The Farsight Award recognises the best individual piece of analysis by an investment research institution which integrates traditional financial analysis with longer term issues such as climate change, corporate governance and human capital. Contributors to the London Accord will automatically be entered.
Tackling Climate Change: In association with The Institute for Sustainability and the Worshipful Company of Fanmakers
This category recognises and reward organisations who are taking steps to mitigate the effects of their activities on climate change or to adapt their operations to reflect the impacts climate change will have on their business.
Sustainable Travel and Transport: In association with Campaign for Better Transport
This category recognises and rewards innovative schemes which encourage people to make more use of sustainable forms of travel, transport and logistics, or which reduce the impact of traffic and transport on the environment.
Resource Conservation: In association with the Worshipful Company of Launderers and the Worshipful Company of Water Conservators
This category recognises and rewards organisations that are taking positive steps to improve resource conservation through reducing the consumption of water, gas or electricity.
Building Sustainable Communities (London only): In association with the Worshipful Company of Patten Makers and the City Bridge Trust
This award is for voluntary organisations that can demonstrate their work makes a tangible difference to the sustainability of their locality by bringing people together, especially from across different communities.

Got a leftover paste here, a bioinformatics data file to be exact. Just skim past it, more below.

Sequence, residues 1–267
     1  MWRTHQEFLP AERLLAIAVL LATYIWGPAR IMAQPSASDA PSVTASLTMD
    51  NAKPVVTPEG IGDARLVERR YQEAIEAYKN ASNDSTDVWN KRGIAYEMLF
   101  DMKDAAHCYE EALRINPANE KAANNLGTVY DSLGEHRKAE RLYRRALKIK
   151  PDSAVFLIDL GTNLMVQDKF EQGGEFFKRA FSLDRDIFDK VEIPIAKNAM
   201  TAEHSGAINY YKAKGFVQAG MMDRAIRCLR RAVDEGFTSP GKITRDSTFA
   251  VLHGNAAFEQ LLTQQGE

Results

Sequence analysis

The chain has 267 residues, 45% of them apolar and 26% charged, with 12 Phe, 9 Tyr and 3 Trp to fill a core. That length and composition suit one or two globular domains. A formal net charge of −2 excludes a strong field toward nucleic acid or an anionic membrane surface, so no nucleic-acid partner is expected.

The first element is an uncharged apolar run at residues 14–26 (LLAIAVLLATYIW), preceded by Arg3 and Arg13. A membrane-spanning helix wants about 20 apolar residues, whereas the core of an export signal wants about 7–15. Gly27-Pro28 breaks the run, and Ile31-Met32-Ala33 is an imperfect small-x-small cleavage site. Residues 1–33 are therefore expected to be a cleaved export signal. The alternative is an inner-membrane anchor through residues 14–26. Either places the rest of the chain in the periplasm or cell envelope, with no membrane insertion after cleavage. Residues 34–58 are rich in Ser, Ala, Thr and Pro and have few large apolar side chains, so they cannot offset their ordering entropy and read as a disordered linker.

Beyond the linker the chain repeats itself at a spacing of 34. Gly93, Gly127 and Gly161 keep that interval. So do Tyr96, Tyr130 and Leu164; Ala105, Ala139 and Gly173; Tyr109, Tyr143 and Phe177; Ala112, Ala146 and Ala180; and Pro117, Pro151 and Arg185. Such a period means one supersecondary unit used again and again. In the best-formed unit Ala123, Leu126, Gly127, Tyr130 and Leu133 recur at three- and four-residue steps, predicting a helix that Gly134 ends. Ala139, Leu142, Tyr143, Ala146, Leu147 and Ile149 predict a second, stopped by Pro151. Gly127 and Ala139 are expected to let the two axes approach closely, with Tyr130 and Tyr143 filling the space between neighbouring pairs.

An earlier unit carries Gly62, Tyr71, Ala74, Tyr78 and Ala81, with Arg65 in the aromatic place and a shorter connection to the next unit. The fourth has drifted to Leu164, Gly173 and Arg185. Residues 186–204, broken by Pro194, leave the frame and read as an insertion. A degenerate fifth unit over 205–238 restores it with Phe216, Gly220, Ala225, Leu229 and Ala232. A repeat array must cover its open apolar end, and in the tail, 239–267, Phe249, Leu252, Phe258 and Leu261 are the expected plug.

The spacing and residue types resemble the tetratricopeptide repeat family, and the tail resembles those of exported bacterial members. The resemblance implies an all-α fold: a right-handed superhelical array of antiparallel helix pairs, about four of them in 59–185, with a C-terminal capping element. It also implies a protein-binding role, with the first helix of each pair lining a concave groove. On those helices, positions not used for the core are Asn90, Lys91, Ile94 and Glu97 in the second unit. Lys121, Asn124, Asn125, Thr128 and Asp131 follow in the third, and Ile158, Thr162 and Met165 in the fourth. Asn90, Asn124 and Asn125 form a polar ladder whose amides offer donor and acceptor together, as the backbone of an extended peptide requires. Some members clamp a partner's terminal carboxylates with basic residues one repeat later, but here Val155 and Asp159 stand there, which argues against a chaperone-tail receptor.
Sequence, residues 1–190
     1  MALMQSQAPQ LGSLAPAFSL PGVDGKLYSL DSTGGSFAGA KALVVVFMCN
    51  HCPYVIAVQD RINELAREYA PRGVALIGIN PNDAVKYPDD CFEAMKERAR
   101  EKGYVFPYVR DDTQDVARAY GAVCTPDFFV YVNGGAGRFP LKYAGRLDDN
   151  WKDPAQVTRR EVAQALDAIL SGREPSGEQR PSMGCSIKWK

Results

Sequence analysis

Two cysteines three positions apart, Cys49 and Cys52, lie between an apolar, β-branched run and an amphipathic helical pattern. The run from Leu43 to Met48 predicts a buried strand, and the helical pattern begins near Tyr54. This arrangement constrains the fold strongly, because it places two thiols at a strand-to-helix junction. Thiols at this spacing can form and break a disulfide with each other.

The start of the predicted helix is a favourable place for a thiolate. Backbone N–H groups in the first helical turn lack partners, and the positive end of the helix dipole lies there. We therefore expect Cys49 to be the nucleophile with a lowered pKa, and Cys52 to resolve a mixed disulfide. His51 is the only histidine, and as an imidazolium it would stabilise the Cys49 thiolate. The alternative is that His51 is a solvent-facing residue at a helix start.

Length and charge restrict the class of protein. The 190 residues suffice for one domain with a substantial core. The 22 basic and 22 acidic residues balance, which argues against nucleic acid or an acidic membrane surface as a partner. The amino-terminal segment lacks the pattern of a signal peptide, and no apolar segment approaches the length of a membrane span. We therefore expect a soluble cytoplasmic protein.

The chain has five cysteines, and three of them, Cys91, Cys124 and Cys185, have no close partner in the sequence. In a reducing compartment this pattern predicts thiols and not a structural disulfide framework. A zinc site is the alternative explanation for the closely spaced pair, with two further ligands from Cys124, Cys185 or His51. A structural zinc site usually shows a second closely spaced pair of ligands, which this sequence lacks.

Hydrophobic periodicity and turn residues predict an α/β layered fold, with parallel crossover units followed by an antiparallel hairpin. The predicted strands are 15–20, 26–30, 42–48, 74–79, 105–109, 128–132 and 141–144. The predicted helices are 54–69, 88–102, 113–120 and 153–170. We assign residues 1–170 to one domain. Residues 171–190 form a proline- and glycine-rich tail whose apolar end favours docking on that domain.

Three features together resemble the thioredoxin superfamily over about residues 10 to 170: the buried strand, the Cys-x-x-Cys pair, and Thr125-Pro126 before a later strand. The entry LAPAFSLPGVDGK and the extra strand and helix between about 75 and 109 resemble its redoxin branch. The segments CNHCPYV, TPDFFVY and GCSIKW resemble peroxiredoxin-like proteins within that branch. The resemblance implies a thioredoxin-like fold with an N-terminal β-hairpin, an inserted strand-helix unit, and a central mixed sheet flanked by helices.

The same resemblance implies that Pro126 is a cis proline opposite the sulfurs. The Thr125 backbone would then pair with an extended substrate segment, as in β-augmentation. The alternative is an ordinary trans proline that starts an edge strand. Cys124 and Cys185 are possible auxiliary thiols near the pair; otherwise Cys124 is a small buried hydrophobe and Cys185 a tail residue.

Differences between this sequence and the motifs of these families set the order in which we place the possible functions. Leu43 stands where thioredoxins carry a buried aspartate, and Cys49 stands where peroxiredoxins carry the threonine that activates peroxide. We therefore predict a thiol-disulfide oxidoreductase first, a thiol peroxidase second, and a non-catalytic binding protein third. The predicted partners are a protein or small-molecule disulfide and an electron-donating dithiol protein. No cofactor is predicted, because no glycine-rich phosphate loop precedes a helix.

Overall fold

Sustainable Buildings: In association with the CIOB and the Worshipful Company of Chartered Surveyors
This category recognises and rewards excellence and innovation in sustainable building design for new build and refurbishment projects.
Health and Wellbeing: In association with the City of London Health and Wellbeing Board
This category recognises and rewards businesses that have outstanding practice in relation to sustaining the health of their workforce: organisations that are doing really innovative work to recognise that their people are their most important assets, and creating work environments and cultures that promote and sustain all aspects of health and wellbeing
Sustainable Places: In association with British BIDs, the London Sustainability Exchange, London Chamber of Commerce and Industry and the Worshipful Company of Environmental Cleaners
This category aims to recognise and reward organisations who work to create unique sustainable characters for town centres and industrial parks- not only enhancing the quality of life of all those who visit, work or live there but acting as a significant attractor for business investment. For more information see the “This Year’s Theme” page on our website.
Responsible Waste Management: In association with the Clean City Awards Scheme
This category recognises and rewards best practice with respect to responsible waste management. Applicants should demonstrate innovative waste management practices particularly with respect to implementing the waste hierarchy of minimising waste, reusing and recycling materials. Judges will also be looking for evidence of how the organisation is tackling wider waste issues, such as compliance with Duty of Care Regulations and engendering pride in the local environment.